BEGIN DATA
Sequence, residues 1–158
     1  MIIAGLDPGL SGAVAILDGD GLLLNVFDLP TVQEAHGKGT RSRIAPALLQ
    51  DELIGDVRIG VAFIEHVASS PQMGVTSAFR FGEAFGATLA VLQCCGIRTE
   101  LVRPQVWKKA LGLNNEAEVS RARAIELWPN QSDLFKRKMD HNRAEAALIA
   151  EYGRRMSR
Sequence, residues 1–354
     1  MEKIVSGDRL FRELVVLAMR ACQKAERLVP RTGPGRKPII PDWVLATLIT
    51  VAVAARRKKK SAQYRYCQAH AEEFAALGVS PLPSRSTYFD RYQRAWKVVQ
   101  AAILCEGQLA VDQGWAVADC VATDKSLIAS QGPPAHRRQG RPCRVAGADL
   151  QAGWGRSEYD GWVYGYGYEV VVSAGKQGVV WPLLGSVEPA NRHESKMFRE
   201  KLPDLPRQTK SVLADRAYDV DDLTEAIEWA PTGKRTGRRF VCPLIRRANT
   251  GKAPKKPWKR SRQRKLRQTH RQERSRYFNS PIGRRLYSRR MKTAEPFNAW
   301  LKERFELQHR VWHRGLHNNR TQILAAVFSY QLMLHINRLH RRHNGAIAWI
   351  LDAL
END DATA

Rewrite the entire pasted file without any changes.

Sequence, residues 1–158
     1  MIIAGLDPGL SGAVAILDGD GLLLNVFDLP TVQEAHGKGT RSRIAPALLQ
    51  DELIGDVRIG VAFIEHVASS PQMGVTSAFR FGEAFGATLA VLQCCGIRTE
   101  LVRPQVWKKA LGLNNEAEVS RARAIELWPN QSDLFKRKMD HNRAEAALIA
   151  EYGRRMSR
Sequence, residues 1–354
     1  MEKIVSGDRL FRELVVLAMR ACQKAERLVP RTGPGRKPII PDWVLATLIT
    51  VAVAARRKKK SAQYRYCQAH AEEFAALGVS PLPSRSTYFD RYQRAWKVVQ
   101  AAILCEGQLA VDQGWAVADC VATDKSLIAS QGPPAHRRQG RPCRVAGADL
   151  QAGWGRSEYD GWVYGYGYEV VVSAGKQGVV WPLLGSVEPA NRHESKMFRE
   201  KLPDLPRQTK SVLADRAYDV DDLTEAIEWA PTGKRTGRRF VCPLIRRANT
   251  GKAPKKPWKR SRQRKLRQTH RQERSRYFNS PIGRRLYSRR MKTAEPFNAW
   301  LKERFELQHR VWHRGLHNNR TQILAAVFSY QLMLHINRLH RRHNGAIAWI
   351  LDAL